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Is Decriminalizing Psychedelics a Priority for the Canadian Government?

A response to a national petition suggests MPs are open minded about decriminalizing psychedelics. Members of parliament have responded to a federal petition to decriminalize plant medicines signed by nearly 15,000 Canadians.

Last week, MPs and parliamentary secretaries tabled a response to e-petition 2534, which called for an end to enforcement around the adult use, growing, or sharing of any sacramental plant or fungi, as well as amendments to the Controlled Drugs and Substances and Food and Drug Acts that would allow for medicinal, therapeutic, and spiritual use of such substances. First introduced in April, the petition was initiated by B.C. resident Trevor Millar of the Canadian Psychedelic Association and presented to the House of Commons by MP Paul Manly on September 30.

Potential therapeutic value

While their response to the idea of decriminalizing psychedelics wasn’t what Millar and signatories of the petition had hoped for, it is in line with the Minister of Health’s recent Section 56 exemptions for patients seeking psilocybin therapy, and suggests that politicians in Canada are keeping an open mind about the potential therapeutic value of plant medicines and psychedelics.

While the federal petition argued that peer-reviewed evidence suggests using psychedelic plant medicines in sacramental contexts could support recovery from addiction, something to consider given Canada’s ongoing overdose crisis, ministers said the CDSA and FDA already “provide a mechanism to access” these substances for religious and therapeutic use by way of Section 56 exemptions, and through Health Canada’s drug review process. 

In total, three ministers or their secretaries replied to the requests of the petition. The response from Minister of Public Safety Joël Lightbound was short, stating that the RCMP would simply “continue to enforce existing statutes” around psychedelic substances. 

Feedback from the ministers of justice and health provided more insight into their decision: “Section 56 of the CDSA empowers the Minister of Health to grant exemptions from the provisions of the Act or the regulations for medical, scientific, or other public interest purposes. [It] provides the Minister with very broad discretion in deciding whether or not to grant an exemption,” wrote Minister of Justice and Attorney General David Lametti.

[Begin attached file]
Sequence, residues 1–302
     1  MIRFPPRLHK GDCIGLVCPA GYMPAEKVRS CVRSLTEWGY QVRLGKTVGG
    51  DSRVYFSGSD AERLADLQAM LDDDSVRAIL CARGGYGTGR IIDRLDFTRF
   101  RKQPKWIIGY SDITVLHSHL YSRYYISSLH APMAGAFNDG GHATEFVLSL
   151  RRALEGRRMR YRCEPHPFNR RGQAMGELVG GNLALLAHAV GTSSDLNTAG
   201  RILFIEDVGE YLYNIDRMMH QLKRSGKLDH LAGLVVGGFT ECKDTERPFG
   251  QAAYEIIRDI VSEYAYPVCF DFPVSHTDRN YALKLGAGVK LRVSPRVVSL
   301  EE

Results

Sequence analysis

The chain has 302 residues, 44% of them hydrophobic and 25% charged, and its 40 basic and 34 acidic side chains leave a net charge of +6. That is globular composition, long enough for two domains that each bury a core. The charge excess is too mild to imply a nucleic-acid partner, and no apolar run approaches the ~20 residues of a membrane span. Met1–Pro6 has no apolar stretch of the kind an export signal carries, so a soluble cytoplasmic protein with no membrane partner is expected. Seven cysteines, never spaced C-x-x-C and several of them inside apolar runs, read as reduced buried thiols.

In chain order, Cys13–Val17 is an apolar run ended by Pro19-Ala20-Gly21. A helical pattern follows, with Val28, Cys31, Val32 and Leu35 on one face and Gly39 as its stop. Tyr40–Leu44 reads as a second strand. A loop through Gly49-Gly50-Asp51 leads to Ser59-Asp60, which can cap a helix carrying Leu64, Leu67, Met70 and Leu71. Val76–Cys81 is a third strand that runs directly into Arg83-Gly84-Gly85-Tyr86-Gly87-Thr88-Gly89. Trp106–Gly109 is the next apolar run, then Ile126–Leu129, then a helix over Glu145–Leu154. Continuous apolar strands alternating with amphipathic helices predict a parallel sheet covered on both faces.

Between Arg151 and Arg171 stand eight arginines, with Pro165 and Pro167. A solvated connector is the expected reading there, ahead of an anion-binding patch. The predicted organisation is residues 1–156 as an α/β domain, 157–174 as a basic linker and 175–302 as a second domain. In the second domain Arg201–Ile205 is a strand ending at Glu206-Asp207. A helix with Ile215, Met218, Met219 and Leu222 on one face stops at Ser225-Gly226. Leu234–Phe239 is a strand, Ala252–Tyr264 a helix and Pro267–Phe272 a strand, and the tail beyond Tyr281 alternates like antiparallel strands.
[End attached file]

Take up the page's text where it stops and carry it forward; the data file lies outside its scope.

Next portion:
“In circumstances where a person’s traditional use of plants and fungi containing a controlled substance would engage these protections, the Minister would be obligated to consider, and to proportionately balance, the relevant Charter protections with the public health and safety objectives of the CDSA,” he continued.

The Parliamentary Secretary for the Minister of Health Darren Fisher responded on behalf of Patty Hajdu, echoing Lametti’s comments about the value of Section 56 exemptions under the CDSA, and detailing Health Canada’s drug review process as part of the FDA.

Decriminalizing psychedelics might address limitations

“Because of their biological effects, controlled substances also meet the definition of “drug” under the Food and Drugs Act (FDA). As such, any therapeutic use of a controlled substance is therefore also subject to the FDA and its regulations,” he wrote. 

He added that clinical trials are also a “potential option to access products that have not yet been licensed for sale in Canada, and may still be under investigation,” though these too require approval from Health Canada.

It should be noted that the response failed to mention Health Canada’s Special Access Programme for drugs, a program that allows practitioners to request access to drugs that are not available for sale, because psilocybin and other psychedelic compounds are deemed “restricted drugs” under the Food and Drug Act and are therefore not eligible. 

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